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City boy becomes ‘farmer’ to adopt two pet mini-pigs
Oink: My Life with Mini-Pigs by Matt Whyman
c.2011, Simon and Schuster
$15 U.S. and Canada
315 pages

The kids have been begging for a pet, and you’ve resisted – so far.
You know who’d be walking a puppy at 7 a.m. Food bowls would go empty unless you filled them, water bowls would look like the Sahara and you’re pretty sure a litter box would be deemed “Gross!” within a week.

Still, how can you resist a cute face? How can you resist falling in love with a fuzzy baby? You can’t, and neither could Matt Whyman. In his book Oink: My Life with Mini-Pigs, he squeals on his new pets.

Matt Whyman always knew his wife wanted a big family. Her childhood “was not a happy one” and she longed for what she never had. That didn’t necessarily mean offspring of the human kind, however.

Emma Whyman was happy with animals – lots of animals, which is why the Whymans moved to the English countryside. There, four children and two adults were joined by two cats, four rabbits, three hens and a large Canadian Shepherd.

So when one of the cats met an untimely demise and the children were inconsolable, work-at-home Whyman knew a replacement pet was imminent, and he realized who would assume responsibility for it. He tried to reason with his family, but it was no use – particularly when they spied two adorable porcine faces online.

The mini-pigs were “cute-o-rama.” Roxi and Butch were no bigger than kittens; in fact, they arrived at the Whyman house in a cat carrier.

Their size, though, belied their determination: the mini-pigs quickly took over Whyman’s office, his dog’s bed, the living room, the sofa, and the kitchen. They were little thieves, and stole family possessions, too.

Eventually, with the help of a handyman friend who knew pigs, Whyman created an outdoor pen for his growing pets. He learned everything he could about being a “pig farmer” (including how to measure a boy pig’s, uh, potential).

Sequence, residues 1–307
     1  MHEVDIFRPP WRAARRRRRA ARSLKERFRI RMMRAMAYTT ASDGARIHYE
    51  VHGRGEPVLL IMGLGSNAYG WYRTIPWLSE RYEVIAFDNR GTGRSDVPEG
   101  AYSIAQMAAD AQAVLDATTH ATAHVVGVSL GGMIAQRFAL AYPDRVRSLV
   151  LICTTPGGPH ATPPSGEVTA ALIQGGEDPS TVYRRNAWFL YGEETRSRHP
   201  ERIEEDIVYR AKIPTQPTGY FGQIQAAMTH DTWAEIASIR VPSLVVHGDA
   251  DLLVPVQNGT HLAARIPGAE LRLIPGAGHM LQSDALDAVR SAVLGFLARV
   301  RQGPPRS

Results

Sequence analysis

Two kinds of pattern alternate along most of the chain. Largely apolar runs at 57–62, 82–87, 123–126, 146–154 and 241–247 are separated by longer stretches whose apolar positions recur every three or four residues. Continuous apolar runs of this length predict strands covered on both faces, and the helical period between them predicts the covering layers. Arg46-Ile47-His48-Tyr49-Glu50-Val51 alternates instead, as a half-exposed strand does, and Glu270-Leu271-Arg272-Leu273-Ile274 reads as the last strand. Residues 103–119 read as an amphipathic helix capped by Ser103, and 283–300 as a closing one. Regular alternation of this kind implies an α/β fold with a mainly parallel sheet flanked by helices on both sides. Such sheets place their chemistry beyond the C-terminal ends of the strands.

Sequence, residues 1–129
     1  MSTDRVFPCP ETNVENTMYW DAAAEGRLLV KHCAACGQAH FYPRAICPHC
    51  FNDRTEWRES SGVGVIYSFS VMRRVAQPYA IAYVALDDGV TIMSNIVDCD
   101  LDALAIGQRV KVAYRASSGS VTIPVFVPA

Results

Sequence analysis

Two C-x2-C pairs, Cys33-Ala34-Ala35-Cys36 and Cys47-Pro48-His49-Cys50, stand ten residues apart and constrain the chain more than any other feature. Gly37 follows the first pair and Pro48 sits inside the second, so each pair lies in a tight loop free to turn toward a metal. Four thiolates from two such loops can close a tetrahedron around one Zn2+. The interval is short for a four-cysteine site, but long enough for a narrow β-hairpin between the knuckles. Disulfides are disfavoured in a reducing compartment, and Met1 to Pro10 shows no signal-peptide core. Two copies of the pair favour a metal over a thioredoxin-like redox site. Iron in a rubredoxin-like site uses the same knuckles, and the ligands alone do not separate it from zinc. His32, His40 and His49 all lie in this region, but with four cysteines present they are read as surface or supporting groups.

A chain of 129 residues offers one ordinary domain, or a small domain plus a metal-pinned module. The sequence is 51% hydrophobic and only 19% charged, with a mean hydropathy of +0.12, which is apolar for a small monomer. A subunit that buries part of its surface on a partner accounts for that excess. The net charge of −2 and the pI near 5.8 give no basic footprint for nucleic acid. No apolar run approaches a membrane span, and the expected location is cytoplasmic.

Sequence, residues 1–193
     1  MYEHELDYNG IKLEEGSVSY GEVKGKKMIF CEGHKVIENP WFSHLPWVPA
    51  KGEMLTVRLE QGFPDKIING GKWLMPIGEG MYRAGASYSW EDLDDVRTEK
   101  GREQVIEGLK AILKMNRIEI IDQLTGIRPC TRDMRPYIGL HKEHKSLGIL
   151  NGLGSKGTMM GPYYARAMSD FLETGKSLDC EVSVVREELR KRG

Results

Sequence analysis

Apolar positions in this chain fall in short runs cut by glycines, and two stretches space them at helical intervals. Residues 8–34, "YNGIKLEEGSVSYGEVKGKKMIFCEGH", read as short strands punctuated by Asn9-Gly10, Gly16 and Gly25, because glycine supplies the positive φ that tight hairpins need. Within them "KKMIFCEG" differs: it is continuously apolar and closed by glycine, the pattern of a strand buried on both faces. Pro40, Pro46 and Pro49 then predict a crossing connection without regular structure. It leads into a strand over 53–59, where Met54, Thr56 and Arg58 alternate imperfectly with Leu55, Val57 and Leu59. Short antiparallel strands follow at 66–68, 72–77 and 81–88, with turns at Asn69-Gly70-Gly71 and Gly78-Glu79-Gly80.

He also learned even though his porkers were petite, they could tear apart a yard, a garden, a henhouse, the neighbor’s orchard … and a marriage.

In the mood for a book that will make you squeal with a case of “the cutes?” Then here’s what you do: take five parts Marley, shrink it by three-quarters, put it on cloven hooves and give it a curly tail. That’s what you get when you read Oink.

Author Matt Whyman gives his readers a breathless sense of chaos in this book. It starts almost immediately and becomes nearly slapstick as this definite city boy learns to be a “farmer,” complete with certified papers.

That’s good enough, but what surprised me was the truth that Whyman willingly shares – his pigs were often a big irritation and they caused real problems. Still, don’t be fooled into thinking that this story ends badly. It doesn’t.

I believe farmers will find a lot to laugh about in this book, now in paperback. Animal lovers and pet parents will almost melt when they read it because, really, look at that cover for Oink. How can you resist it?

Terri Schlichenmeyer has been reading since she was three years old and never goes anywhere without a book. She lives on a hill in Wisconsin with two dogs and 11,000 books. Readers with questions or comments may write to Terri in care of this publication.